India, Pakistan discuss Sir Creek, maritime boundary
May 18, 2007 - 6:36:02 PM
Islamabad, May 18 - India and Pakistan have inched one step closer to an 'amicable' resolution of their dispute over the Sir Creek marshland in the Rann of Kutch by exchanging maps marking their respective positions and discussing the delimitation of the maritime boundary on the basis of a joint survey.
'The two sides discussed the delimitation of the maritime boundary as well as the delineation of the boundary in the Sir Creek in the light of the results of the joint survey,' said a joint press statement Friday at the end of the two-day talks between India and Pakistan in Rawalpindi.
'They exchanged maps/charts showing their respective positions on the delineation of the boundary in the Sir Creek and delimitation of the maritime boundary,' the statement said.
The talks were held in a 'cordial and friendly atmosphere' with the two sides expressing 'satisfaction at the successful completion' of the joint survey of Sir Creek and adjoining areas.
Surveyor General of India Major General M. Gopal Rao led an eight-member Indian delegation during talks with the Pakistani team led by Additional Defence Secretary Rear Admiral Tanveer Faiz.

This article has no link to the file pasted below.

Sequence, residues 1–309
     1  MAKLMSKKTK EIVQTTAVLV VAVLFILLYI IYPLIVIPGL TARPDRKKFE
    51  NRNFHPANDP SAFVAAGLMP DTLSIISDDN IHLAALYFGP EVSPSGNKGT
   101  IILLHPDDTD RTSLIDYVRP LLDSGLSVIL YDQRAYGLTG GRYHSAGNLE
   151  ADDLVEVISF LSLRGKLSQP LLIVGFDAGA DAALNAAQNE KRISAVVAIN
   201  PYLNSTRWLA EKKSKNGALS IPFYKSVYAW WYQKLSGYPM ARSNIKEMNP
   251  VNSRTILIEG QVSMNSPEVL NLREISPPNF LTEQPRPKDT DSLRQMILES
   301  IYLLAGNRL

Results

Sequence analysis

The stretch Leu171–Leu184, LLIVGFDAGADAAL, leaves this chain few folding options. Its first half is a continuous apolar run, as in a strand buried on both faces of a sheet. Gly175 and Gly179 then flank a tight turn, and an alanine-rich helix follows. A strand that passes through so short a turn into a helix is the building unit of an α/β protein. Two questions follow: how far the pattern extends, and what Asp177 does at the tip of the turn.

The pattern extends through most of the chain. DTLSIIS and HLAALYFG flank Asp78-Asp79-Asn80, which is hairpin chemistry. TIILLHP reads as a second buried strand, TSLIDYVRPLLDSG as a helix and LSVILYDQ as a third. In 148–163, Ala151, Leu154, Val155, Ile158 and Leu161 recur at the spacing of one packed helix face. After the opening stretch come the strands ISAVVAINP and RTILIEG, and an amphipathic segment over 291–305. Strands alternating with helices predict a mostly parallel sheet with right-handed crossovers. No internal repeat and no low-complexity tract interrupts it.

Competing claims by both sides continue to shadow negotiations over the issue. India asserts that the Sir Creek boundary lies in the middle of the channel whereas Pakistan claims that it is on the east bank.
The 60-mile long estuary in the Rann of Kutch separates India's Gujarat from Pakistan's Sindh province.
The two sides will try to build on 'convergences' in approach and sort out contentious issues relating to Sir Creek for an 'amicable settlement of the issue'.
The Indian delegation also called on Pakistan's Defence Secretary Kamran Rasool.
The second joint survey of Sir Creek by hydrographers from India and Pakistan, which formally began in January, was conducted on land and off the coast to verify the outermost points of the coastline based on the principle of equidistance. The survey was completed around mid-March.
Last year, after a meeting in Havana between Prime Minister Manmohan Singh and Pakistan President Pervez Musharraf, the two sides agreed to verify the outermost points of coastlines of both countries during the joint survey with regards to the equidistance method.
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